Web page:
By Mary Ellen Bianco
|Rosemary DeLaney monitors her health and maintains a regular fitness regimen.|
Rosemary DeLaney, 62, is a certified Pilates instructor who has owned Pilates of Louisville since 2001. She is also an aesthetician at the Institute of Anti-Aging Medicine (IAAM). “I’ve always been an active person and take care of myself,” Rosemary says. “I learned that I have to be my own health advocate and to trust my doctor.”
As a Pilates instructor Rosemary sees there is much more to staying healthy than just keeping fit. “The social part is where people make friends,” she says. “They have fun and want to come back. They’re held accountable.” Many of the Louisville native’s clients have taken her classes for years and are her close friends.
Teaching Pilates, working at IAAM, spending time with friends, and relaxing all work to restore Rosemary’s balance. “My friends are aware of it and keep me on track,” she says.
Even though she took care of herself for years, her health bottomed out after a very stressful point in her life. “I went through a divorce and my child was young; I had a house built and started a new business; and I suffered the great loss of my grandmother and a dear friend over a 3-year period,” Rosemary says. “That is when it all started.”
In 2007 Rosemary was diagnosed with hypothyroidism (an underactive thyroid gland), which is an autoimmune disorder. “The nurse practitioner said that all of my stress showed in the blood work, including a high cortisol level and low vitamin D,” Rosemary says. “She thought that my teaching Pilates every day helped to slow down the aging process.” Rosemary was prescribed Armour Thyroid medication, which is a natural product made from animal thyroid glands. “I started feeling wonderful, like my old self,” she says.
The next year, Rosemary was diagnosed with Celiac disease and she went on a gluten elimination diet. Her research showed that an estimated 75 percent of those with autoimmune diseases are women. “If you have one disorder, it’s very common that you have another.” Her belly had been swelling, and after the first week without gluten, the bloating was reduced. “I wasn’t eating the things that caused inflammation,” she says.
In 2013 after a trip to Costa Rica, Rosemary saw large, red lumps on her legs that were hard. An internist diagnosed her with sarcoidosis, which affects the lymph nodes and is the growth of small collections of inflammatory cells in the body. “The doctor said that they should go away on their own and they won’t come back,” she says. “It took about a year. It was another autoimmune disease.”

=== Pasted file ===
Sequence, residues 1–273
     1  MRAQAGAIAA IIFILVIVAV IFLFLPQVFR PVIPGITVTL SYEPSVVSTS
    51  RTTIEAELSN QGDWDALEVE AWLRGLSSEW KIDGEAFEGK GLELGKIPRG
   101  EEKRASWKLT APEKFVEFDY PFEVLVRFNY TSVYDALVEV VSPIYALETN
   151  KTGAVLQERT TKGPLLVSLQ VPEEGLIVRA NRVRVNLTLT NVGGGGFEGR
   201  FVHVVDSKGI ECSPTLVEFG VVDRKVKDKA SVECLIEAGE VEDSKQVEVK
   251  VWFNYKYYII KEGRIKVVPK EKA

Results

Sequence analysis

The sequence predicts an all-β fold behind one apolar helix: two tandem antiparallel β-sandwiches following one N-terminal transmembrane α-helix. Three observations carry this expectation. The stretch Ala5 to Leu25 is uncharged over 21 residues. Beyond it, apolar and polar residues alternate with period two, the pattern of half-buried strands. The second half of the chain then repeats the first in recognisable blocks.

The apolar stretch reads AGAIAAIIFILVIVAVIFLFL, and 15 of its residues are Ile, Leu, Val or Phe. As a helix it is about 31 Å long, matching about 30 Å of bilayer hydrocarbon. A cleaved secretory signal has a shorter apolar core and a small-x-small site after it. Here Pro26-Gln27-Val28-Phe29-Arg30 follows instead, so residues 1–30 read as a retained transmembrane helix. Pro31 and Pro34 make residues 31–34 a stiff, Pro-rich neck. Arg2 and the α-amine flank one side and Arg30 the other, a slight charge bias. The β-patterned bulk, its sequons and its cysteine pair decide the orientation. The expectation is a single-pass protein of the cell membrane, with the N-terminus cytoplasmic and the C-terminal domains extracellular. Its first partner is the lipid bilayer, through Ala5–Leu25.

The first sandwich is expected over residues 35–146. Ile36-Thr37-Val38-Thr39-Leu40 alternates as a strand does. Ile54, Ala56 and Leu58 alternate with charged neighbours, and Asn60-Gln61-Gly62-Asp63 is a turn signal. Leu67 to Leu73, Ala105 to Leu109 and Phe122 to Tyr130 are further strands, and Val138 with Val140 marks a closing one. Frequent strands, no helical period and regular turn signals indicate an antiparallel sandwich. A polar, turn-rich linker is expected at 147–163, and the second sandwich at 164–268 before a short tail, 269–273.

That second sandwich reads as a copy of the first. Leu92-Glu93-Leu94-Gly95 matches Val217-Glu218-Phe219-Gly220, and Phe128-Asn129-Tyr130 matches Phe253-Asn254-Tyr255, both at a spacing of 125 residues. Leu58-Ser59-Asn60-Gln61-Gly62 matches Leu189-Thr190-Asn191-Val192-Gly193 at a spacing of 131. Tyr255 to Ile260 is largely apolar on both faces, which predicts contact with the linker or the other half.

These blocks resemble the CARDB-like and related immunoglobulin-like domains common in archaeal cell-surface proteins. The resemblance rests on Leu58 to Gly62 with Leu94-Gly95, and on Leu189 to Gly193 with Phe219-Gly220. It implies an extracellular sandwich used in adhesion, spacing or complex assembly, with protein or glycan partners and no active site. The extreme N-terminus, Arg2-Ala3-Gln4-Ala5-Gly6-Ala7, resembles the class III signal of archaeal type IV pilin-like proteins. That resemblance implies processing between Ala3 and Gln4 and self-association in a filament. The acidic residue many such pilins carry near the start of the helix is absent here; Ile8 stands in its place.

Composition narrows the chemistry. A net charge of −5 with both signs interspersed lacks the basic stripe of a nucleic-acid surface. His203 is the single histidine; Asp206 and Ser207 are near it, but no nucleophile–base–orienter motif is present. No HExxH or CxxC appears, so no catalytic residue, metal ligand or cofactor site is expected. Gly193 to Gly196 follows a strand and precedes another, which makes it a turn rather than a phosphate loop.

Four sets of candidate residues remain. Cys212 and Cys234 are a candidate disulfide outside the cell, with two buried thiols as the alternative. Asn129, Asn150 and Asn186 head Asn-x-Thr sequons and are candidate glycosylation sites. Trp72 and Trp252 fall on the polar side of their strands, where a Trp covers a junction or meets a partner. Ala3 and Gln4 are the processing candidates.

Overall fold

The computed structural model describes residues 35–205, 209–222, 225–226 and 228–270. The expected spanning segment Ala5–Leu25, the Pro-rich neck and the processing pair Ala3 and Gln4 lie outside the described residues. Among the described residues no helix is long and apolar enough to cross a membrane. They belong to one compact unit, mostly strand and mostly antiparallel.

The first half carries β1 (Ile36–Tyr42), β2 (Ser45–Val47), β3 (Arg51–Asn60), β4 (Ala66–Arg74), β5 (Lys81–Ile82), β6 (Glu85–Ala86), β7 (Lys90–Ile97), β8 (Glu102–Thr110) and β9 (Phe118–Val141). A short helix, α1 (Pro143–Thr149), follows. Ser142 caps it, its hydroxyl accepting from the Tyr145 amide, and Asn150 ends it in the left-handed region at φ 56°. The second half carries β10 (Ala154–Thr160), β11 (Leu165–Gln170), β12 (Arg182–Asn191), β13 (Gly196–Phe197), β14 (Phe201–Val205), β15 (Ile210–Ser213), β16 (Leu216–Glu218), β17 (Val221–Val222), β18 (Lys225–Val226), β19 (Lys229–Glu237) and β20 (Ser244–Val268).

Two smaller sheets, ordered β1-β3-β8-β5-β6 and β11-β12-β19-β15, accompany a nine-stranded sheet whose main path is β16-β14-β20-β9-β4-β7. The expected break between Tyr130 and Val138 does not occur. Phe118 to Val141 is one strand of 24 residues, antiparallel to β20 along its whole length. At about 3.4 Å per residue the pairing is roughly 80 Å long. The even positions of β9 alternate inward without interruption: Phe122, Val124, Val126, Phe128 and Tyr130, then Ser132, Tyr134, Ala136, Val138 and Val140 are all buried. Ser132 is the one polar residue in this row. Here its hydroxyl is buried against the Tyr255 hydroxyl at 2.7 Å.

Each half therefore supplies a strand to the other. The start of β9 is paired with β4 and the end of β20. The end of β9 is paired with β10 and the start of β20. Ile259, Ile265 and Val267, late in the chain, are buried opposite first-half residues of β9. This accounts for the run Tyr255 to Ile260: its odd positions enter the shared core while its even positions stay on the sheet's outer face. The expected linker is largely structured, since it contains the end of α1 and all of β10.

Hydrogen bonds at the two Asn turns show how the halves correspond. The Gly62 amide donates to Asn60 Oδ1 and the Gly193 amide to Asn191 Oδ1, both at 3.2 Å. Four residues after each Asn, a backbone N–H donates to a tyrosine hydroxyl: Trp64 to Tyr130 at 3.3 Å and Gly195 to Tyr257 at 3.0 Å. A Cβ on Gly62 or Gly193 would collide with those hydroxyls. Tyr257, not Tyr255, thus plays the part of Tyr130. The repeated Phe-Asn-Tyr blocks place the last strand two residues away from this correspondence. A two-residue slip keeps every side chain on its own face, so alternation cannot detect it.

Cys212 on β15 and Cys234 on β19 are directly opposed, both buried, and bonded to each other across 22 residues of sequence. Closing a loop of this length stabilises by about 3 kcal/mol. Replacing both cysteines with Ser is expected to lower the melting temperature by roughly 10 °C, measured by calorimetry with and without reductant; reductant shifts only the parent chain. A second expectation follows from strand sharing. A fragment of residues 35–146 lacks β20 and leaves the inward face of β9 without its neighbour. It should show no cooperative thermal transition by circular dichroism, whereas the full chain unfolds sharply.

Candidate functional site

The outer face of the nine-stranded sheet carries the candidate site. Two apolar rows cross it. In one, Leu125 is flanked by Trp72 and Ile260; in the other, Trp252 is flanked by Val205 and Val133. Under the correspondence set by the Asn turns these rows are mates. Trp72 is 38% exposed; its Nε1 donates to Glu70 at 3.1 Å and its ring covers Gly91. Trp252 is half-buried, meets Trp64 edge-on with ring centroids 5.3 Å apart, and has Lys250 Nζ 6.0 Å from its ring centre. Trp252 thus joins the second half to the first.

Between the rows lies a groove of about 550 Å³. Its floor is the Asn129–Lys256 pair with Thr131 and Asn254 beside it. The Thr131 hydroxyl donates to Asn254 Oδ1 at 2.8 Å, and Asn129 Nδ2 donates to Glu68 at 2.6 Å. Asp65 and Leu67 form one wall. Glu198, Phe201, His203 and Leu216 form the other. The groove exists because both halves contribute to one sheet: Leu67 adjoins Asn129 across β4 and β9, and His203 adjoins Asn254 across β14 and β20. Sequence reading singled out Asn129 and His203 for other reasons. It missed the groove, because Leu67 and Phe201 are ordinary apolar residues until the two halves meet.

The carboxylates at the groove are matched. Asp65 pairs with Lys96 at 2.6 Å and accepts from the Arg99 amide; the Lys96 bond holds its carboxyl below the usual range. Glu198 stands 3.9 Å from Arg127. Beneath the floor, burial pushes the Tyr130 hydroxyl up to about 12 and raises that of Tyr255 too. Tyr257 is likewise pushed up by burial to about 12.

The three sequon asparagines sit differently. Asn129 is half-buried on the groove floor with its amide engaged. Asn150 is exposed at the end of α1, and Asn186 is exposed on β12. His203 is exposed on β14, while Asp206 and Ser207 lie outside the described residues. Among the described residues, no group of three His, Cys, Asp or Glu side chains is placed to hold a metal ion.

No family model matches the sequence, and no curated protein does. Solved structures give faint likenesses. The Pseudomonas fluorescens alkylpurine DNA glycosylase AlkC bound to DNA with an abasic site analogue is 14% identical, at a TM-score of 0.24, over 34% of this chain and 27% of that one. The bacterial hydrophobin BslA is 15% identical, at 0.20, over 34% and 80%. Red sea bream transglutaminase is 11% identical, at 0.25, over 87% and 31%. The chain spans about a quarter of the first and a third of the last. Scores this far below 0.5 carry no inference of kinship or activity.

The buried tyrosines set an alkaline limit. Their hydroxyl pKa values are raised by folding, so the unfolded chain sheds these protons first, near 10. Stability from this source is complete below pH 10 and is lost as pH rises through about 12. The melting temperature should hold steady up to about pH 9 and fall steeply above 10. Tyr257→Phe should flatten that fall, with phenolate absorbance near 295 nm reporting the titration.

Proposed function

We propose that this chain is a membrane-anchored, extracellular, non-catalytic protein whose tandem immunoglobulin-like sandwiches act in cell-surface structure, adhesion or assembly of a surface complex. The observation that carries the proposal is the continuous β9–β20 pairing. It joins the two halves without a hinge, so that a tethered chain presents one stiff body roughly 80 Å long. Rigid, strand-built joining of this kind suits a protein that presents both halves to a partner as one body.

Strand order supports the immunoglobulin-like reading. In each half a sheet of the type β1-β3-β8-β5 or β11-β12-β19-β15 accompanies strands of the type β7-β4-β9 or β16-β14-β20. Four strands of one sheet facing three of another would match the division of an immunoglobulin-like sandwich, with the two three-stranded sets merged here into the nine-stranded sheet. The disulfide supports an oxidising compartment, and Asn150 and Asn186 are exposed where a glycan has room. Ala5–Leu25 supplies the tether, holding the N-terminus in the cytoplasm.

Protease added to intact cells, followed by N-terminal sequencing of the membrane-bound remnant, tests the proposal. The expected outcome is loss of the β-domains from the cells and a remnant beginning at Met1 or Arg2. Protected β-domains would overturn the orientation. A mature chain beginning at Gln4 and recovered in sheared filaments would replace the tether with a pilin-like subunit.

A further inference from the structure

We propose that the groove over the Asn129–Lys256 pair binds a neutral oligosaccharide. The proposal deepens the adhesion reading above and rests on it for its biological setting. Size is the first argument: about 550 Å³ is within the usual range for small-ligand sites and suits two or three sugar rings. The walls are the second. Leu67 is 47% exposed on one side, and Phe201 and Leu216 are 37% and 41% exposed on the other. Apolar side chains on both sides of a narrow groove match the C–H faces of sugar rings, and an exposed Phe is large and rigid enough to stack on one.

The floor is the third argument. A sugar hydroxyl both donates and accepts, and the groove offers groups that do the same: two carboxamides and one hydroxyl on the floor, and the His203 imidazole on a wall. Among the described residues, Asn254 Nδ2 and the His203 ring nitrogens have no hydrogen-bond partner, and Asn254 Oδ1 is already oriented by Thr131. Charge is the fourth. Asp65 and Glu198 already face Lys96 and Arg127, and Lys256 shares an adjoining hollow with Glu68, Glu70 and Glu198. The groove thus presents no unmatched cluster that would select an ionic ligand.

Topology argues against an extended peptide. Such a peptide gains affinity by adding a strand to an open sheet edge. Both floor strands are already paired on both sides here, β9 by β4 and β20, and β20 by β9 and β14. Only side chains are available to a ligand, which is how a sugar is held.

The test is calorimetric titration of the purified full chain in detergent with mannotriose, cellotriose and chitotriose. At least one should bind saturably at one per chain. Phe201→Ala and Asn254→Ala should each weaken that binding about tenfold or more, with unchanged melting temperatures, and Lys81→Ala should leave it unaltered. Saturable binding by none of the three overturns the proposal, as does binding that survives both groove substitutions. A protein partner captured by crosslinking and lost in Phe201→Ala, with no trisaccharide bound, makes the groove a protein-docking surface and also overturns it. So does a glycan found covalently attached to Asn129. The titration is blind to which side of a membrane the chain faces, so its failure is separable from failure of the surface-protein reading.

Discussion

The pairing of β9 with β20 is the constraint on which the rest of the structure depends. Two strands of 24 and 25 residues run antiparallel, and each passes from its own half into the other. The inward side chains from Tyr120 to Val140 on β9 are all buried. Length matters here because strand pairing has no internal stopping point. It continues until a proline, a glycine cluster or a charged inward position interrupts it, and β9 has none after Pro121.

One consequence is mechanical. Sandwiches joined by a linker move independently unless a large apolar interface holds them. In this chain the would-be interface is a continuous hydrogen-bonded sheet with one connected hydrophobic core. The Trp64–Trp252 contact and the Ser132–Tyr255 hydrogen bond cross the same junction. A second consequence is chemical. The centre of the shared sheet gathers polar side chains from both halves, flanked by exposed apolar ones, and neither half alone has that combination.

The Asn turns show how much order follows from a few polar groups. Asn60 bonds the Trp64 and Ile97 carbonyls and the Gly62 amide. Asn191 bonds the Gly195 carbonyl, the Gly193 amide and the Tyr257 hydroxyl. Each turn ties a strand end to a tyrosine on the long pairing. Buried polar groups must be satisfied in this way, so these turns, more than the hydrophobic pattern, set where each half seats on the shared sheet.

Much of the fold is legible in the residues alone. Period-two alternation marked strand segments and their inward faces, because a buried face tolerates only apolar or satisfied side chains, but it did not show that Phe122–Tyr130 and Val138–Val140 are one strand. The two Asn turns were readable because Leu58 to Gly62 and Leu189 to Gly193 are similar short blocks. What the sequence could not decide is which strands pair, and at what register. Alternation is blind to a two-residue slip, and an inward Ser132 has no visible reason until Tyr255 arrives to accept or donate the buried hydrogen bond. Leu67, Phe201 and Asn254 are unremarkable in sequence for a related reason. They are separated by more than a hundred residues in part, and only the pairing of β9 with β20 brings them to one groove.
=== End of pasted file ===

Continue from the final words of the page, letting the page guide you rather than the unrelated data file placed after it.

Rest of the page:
Rosemary has regular blood work at IAAM and she is monitored by Dr. Peggy Fishman. “Peggy has saved my life,” Rosemary says. “I work with her. She’s one of my dearest friends and helped me through all of this.” In addition to Armour Thyroid, she is prescribed bioidentical hormones, which help with moods, the skin, hair, and nails. “Women who are at menopausal age find it hard to lose weight and stay balanced,” she says. The hormones are compounded for her based on what should be replaced in her body.
|Photos by Patti Hartog|
Rosemary watches her diet, takes vitamins, supplements, fish oil, and herbs. She mixes turmeric — a plant in the ginger family that reduces inflammation — with baking soda to brush her teeth and uses it in soups. “Vitamins B12 and D are two of the most important for me,” she says. Rosemary was told in her 20s that to avoid aging the skin she should not sunbathe. “These little jewels that I’ve gotten through my life I take as part of my life,” she says.
Rosemary’s studio, Pilates of Louisville, is located at IAAM and she also joined ProFormance LLC on River Road to teach Pilates mat classes. “I’m the luckiest woman in Louisville,” she says. ”I am surrounded by such good women in my life. I am so blessed and so happy with them.”